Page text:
Eldrich AAA

Nicholas hates driving through the Midwest.  The palette of pleasant yellows, blues, and greens is stretched so thin over the cornfields and isolated pockets of forest that it loses all meaning in the monotony.  Mountains are towering, forests are mysterious, but the endless fields of rural Ohio?  They’re just exhausting.

He has to sit ramrod straight in his seat just to stay awake and attentive, his hands unmoving at ten and two on roads that never turn or curve.  The decaying beasts of industry watch him as he passes: abandoned factories, boarded-up homes, cars left for scraps on the sides of the road.  It all leaves his nerves fried and the tip of his tongue aching for caffeine to shake off his drowsiness.

The tire warning light comes on, but he doesn’t notice until his car drags to the right and vibrates uncomfortably.  Nicholas swears colorfully to no one, slumping in his seat, defeated.  A flat tire, out here?  When he’s hours from the nearest town with no spare tire on hand?

“It’s best to just get it over with,” he tells himself, coming to a stop on the side of the road.  

A rusted silo looms over him as Nicholas steps out of his car.  The surrounding cornfield is flooded with brackish water that toes the asphalt like a predator probing for weaknesses.  The road is nearly empty, save for a few scattered vehicles passing him by, stinking of gasoline and exhaust.

The ritual is so routine to him that he prepares for it the same way he does the laundry every week or brushes his teeth in the morning.  Nicholas opens the trunk to retrieve his things: a small metal bucket scorched with soot, some half-congealed oil, and a patchwork silk robe.  He picks it up, letting the primarily-crimson fabric flutter in the wind before putting it on.  The checkerboard of flannel, denim, and cotton patches is a testament to the robe’s long line of previous owners.  Supposedly, the ritual worked better when the robe had a history. Like using your parent’s rewards points for a flight.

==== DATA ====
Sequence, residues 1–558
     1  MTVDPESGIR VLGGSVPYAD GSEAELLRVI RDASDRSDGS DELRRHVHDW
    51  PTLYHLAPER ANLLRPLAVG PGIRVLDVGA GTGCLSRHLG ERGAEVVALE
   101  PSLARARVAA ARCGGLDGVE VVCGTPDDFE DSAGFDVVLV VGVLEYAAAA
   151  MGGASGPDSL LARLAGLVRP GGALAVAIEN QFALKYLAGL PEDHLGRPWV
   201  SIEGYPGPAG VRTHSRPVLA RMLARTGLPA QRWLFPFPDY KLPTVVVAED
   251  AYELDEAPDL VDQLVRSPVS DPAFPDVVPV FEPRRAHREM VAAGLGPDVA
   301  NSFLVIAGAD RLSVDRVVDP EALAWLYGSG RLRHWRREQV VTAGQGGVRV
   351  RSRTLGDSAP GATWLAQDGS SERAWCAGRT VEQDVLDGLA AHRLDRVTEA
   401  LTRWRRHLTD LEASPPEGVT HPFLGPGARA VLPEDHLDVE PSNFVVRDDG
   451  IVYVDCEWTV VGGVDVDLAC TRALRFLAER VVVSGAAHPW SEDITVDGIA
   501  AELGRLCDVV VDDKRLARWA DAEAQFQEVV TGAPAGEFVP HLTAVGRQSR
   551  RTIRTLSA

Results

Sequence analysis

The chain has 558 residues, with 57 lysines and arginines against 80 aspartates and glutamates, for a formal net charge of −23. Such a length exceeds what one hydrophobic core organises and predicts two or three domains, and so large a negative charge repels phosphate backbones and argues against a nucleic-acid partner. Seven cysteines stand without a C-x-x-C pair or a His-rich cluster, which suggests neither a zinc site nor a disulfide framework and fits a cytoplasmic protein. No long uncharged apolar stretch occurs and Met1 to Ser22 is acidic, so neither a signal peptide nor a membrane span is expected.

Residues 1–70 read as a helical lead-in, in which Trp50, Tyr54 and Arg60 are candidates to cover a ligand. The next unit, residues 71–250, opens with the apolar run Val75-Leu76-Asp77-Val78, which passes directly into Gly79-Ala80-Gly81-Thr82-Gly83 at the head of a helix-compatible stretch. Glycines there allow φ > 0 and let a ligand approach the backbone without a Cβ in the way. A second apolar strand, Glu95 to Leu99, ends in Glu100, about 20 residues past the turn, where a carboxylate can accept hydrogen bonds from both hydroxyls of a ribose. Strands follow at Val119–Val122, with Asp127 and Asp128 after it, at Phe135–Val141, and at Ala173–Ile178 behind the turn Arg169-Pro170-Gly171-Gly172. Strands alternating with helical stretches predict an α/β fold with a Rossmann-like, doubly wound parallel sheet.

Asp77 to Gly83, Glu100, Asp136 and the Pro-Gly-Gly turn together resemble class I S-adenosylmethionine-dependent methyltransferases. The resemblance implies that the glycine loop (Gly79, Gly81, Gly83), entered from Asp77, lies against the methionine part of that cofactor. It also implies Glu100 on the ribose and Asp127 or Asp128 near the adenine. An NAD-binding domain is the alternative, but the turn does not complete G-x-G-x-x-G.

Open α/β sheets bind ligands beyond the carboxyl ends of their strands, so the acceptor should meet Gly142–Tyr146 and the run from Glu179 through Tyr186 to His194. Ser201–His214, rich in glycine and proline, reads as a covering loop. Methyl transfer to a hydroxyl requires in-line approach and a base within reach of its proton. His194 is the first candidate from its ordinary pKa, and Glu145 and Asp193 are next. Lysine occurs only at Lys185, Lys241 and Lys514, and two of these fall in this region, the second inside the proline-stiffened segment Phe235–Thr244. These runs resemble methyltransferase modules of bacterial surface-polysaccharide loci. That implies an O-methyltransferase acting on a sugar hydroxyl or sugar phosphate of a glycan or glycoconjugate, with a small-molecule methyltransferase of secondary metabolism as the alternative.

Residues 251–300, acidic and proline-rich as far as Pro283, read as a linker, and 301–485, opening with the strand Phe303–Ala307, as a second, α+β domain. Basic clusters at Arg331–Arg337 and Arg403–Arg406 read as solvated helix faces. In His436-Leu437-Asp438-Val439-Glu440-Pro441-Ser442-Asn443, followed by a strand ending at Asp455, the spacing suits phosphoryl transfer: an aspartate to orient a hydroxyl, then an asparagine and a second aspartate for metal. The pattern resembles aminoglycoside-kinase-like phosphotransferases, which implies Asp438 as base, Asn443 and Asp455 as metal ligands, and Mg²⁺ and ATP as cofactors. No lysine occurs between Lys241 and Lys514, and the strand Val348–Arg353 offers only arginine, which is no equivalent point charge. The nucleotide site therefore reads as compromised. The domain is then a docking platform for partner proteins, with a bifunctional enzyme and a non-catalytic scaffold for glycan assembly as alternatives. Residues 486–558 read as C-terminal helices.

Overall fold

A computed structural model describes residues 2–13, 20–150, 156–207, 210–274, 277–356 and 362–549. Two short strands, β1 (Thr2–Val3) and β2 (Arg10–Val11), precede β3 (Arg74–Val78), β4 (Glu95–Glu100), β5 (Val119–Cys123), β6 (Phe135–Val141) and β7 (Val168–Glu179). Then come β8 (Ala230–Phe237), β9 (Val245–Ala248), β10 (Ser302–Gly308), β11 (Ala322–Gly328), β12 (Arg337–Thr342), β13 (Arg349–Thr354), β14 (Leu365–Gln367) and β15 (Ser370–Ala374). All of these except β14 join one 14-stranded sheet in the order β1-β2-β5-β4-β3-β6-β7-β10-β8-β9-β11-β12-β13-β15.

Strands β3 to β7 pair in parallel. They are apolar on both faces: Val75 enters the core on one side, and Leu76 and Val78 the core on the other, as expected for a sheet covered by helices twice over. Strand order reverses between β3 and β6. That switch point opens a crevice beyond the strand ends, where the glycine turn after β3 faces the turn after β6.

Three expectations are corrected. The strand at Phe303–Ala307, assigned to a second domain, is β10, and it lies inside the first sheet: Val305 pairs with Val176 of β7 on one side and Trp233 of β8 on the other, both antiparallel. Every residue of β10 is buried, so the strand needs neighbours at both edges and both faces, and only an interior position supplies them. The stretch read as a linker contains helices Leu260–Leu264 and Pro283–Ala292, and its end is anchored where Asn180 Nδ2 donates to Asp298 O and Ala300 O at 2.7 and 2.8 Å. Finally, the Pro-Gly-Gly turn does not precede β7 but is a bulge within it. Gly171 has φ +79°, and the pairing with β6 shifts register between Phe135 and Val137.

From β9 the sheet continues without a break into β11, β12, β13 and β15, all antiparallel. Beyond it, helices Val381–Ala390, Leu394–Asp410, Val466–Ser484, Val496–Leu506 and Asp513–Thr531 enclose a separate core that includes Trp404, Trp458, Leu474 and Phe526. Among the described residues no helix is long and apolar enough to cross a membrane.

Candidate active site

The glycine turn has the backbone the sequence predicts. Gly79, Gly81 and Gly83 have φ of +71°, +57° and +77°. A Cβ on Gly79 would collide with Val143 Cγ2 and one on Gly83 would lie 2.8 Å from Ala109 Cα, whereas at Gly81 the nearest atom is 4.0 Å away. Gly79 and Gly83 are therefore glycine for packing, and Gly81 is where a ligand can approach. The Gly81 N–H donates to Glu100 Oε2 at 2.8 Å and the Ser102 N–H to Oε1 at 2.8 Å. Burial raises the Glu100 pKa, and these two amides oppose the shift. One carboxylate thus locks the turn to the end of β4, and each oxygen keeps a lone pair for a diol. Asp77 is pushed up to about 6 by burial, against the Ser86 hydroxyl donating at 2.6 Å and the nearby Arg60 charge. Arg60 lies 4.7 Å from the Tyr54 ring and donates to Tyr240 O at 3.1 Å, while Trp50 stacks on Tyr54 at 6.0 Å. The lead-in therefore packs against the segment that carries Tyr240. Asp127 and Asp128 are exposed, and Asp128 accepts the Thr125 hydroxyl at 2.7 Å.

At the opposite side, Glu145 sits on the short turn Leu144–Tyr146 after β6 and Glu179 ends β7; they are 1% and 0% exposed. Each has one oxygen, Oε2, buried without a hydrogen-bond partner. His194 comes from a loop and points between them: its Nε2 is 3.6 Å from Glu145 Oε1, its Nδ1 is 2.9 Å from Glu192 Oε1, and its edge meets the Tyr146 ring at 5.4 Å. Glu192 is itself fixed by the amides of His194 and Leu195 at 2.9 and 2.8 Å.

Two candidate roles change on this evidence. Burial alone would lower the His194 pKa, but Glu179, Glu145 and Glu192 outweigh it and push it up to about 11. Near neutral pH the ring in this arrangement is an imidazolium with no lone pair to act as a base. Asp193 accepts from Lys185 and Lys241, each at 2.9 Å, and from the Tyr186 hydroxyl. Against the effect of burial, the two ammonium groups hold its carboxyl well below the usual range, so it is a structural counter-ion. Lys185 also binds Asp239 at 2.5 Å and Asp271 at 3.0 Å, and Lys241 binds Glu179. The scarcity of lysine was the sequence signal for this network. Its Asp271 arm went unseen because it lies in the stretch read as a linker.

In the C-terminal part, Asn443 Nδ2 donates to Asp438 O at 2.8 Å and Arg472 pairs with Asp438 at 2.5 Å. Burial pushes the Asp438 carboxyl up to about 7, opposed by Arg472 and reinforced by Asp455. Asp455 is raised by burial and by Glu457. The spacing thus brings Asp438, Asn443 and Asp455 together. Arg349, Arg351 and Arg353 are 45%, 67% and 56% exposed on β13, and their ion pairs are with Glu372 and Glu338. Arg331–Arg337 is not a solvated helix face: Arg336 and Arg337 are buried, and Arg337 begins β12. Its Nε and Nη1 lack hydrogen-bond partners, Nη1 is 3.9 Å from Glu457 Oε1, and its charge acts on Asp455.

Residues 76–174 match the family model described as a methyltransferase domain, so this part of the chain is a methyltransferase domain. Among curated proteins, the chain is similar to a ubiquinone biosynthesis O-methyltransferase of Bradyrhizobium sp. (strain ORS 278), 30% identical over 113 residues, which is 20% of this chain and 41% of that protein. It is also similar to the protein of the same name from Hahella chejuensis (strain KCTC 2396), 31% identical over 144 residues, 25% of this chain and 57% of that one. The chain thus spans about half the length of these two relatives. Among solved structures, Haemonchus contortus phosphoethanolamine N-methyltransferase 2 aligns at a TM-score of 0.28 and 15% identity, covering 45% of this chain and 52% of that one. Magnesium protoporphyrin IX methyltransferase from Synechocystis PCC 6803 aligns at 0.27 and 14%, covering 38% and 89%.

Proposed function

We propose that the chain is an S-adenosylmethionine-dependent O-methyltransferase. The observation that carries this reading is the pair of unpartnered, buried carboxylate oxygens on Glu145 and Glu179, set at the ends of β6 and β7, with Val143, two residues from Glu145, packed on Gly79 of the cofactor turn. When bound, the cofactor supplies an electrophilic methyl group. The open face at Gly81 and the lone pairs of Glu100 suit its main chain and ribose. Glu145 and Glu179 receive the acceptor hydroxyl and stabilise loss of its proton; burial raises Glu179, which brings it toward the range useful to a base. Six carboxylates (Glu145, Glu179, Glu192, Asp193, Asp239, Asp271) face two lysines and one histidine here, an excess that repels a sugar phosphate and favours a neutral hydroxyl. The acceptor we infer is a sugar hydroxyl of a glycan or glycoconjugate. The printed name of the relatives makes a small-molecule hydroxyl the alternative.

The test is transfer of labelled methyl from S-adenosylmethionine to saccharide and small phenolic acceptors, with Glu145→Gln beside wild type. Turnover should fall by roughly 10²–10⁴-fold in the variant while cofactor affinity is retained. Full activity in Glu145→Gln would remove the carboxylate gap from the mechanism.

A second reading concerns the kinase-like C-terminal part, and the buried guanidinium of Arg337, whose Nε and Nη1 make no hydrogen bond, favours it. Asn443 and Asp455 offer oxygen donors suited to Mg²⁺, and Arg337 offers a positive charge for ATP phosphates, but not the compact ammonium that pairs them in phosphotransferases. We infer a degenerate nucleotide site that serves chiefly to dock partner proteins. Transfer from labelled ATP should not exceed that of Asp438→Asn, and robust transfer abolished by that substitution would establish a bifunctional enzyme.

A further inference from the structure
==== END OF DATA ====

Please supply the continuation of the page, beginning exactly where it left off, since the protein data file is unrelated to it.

He sets the bucket next to the flat and pours some oil inside.  Then he begins the chant.  The words matter less than the intention, so he tries not to worry too much when he flubs every other word of the Old Speech.  All he needs to get right is the name.

Nicholas fishes his wallet out of his pocket and holds it over the bucket.  A passing car slows down to gape at him in his robe.  He does his best to ignore it.  

“Sootfather,” he murmurs, “I sacrifice my wallet, which will sow for you several hours of boredom at the DMV to replace my license and another to get my credit card replaced at the bank.  May it satiate you and inspire your goodwill.”

The oil in the bucket ignites with a dim, pale flame.  It smells like copper— so thick that it’s heavy on his tongue.  He swallows and drops the wallet into the fire.  They shift from white to black, sending flakes of ash into the air that drift and swirl without falling.  Sootfather is waiting, is the unspoken message.

“I… request that you fix my flat.” He hesitates to speak.  Asking an all-powerful, ancient god to do auto repair feels strange.

For a moment, nothing happens, as if the Sootfather himself is shocked at Nicholas’s audacity.  Then there’s a creaking of shuddering metal as his car straightens, its tire refilling and sealing.  When the fire fades, the car is fixed, and all that is left of his wallet is soot.

Nicholas smiles and picks up the bucket.  “Thanks for the help.”  

The god makes for a strange friend, but it’s much better than facing the lonely roads alone. Especially when you don’t know how to change a tire.

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